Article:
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North Korea Reports Its First COVID Outbreak; U.S. Soccer. Announces Equal Pay. Aired 4-4:10a ET

Aired May 20, 2022 - 04:00:00   ET


CARL AZUZ, CNN 10 ANCHOR: Fridays are awesome I had to make that a good one because I`ll only be able to say it on air one more time this season.

I`m Carl Azuz. Welcome to the show.

The coronavirus pandemic has officially found its way to North Korea. We say officially because this is a secretive, tightly controlled communist

country and while it`s probably had COVID cases before, this month marked the first time an outbreak was reported by North Korean media which are

controlled by the government. The nation`s borders have been closed since January of 2020, but unusual cargo flights have been observed this week,

traveling between North Korea and China.

That country is considered North Korea`s closest ally and while observers don`t know exactly what`s on these flights, China has promised to help

North Korea with its COVID outbreak. So, the planes are thought to be carrying some kind of aid to the Korean peninsula.

Since last week, North Korea has reported almost 2 million cases of what it calls fever. Government media say it`s a major national emergency the

silver lining is that the main variant of COVID that`s spreading right now is the omicron strain. It`s less severe than previous versions of the

disease but it spreads very easily. Vaccines do not prevent people from catching and spreading COVID, according to U.S. government health officials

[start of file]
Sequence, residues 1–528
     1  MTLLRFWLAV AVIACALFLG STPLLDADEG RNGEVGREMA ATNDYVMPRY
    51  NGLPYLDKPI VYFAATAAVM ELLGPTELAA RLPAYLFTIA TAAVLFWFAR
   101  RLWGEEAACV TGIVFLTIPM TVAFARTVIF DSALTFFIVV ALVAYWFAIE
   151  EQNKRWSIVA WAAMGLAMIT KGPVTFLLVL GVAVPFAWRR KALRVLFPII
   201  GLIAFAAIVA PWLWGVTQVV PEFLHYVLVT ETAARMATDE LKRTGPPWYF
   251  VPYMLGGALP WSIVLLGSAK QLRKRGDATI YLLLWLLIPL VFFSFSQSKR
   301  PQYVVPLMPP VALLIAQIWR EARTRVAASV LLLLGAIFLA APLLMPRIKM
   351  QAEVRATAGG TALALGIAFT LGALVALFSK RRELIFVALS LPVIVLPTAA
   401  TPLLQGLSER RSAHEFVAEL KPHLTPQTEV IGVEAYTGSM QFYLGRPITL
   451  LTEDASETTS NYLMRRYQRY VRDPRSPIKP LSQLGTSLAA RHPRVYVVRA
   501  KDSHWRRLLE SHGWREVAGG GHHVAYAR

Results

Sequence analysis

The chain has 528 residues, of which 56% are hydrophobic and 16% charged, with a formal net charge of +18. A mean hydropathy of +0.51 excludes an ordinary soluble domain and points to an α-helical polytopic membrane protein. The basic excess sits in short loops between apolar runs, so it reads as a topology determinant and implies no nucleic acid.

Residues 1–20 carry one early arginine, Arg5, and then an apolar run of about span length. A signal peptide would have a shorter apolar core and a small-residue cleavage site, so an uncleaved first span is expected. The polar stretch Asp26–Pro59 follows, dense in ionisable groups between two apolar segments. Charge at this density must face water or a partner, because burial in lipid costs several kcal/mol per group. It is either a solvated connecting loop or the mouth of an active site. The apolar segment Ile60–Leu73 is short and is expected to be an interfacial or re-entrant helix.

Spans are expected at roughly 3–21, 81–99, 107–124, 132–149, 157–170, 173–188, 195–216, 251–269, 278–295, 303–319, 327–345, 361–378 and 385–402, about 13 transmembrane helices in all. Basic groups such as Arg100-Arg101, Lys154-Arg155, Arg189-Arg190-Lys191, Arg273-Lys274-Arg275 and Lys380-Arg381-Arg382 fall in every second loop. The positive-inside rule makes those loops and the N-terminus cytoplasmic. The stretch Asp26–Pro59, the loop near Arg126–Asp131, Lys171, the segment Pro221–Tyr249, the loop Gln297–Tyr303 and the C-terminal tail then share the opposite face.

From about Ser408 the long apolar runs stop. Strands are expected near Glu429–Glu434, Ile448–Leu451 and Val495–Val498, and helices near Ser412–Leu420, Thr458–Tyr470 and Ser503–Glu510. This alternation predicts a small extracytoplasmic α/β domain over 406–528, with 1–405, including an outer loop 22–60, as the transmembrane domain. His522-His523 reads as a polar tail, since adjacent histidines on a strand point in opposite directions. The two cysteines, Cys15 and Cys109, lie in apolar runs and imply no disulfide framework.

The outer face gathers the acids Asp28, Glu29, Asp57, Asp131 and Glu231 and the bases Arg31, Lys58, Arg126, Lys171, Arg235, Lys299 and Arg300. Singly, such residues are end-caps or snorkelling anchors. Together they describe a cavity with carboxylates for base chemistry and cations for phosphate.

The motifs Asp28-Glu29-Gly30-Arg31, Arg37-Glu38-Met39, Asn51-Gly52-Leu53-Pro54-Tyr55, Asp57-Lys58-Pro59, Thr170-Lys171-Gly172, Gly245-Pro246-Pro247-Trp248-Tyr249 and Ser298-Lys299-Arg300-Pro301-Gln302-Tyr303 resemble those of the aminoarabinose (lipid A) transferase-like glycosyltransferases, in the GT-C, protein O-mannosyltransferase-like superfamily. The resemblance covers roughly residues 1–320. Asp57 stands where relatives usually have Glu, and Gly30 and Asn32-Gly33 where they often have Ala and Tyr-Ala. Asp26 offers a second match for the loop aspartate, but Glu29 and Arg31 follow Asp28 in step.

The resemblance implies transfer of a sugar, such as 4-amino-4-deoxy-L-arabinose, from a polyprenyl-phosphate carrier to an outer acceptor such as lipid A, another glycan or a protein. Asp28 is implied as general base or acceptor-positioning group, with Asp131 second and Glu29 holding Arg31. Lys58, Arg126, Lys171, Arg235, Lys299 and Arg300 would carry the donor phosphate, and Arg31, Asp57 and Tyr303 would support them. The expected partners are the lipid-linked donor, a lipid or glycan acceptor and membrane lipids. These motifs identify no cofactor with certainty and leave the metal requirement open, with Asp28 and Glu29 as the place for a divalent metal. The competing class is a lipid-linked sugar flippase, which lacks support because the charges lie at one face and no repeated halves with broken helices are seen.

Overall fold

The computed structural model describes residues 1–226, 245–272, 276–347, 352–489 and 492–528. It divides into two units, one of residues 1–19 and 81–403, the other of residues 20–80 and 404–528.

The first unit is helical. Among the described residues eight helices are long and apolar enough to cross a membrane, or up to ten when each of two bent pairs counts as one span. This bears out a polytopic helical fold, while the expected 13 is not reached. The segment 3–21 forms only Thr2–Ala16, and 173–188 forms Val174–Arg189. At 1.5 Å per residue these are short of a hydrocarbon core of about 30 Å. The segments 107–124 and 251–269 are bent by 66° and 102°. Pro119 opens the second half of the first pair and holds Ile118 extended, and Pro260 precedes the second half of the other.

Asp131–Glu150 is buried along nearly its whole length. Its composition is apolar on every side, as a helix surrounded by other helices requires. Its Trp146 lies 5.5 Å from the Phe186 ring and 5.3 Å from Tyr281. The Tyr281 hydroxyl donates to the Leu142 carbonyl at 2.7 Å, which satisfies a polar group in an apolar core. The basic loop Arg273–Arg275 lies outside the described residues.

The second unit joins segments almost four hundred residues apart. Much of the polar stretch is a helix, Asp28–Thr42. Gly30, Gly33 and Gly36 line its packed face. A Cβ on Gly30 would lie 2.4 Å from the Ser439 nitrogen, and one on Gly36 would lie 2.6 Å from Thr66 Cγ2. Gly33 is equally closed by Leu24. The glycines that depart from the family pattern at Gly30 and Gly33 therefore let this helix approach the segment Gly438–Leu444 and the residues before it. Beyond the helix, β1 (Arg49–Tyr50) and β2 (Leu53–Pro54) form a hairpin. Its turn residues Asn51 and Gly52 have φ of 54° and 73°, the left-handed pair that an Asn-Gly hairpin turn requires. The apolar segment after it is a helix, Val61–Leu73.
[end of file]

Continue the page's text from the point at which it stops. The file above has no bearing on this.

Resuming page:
but they say the shots can help prevent serious illness and hospitalizations from the disease.

The thing is North Korea is so closed off and impoverished that the impact of COVID could be worse there than it is in other countries. Still, the

country continues to cause controversy by test-firing missiles into the ocean, a way of asserting its military power and threatening its rivals.


PAULA HANCOCKS, CNN CORRESPONDENT (voice-over): This is likely the first time we`ve seen North Korean leader Kim Jong-un wear a mask in public since

the pandemic began, ordering all cities to lock down after admitting the first COVID-19 case in Pyongyang.

MASON RICHEY, HANKUK UNIVERSITY: We think there have probably been cases before, but they haven`t admitted them. And the fact that they`ve admitted

now would indicate that there`s really no hiding it.

HANCOCKS: The number of cases of Omicron variant are unknown, but North Korea is only one of two countries in the world believed to have delivered

zero COVID-19 vaccinations.

BRIAN WAHL, JOHNS HOPKINS BLOOMBERG SCHOOL: Even in other settings where there`s very low immunization coverage, presumably, there would be higher

levels of prior exposure. So, this is really unique situation that we have in North Korea right now.

HANCOCKS: COVAX, the global vaccine sharing hub, has moved to a needs- based vaccine allocation, saying it`s currently not committed any to North Korea.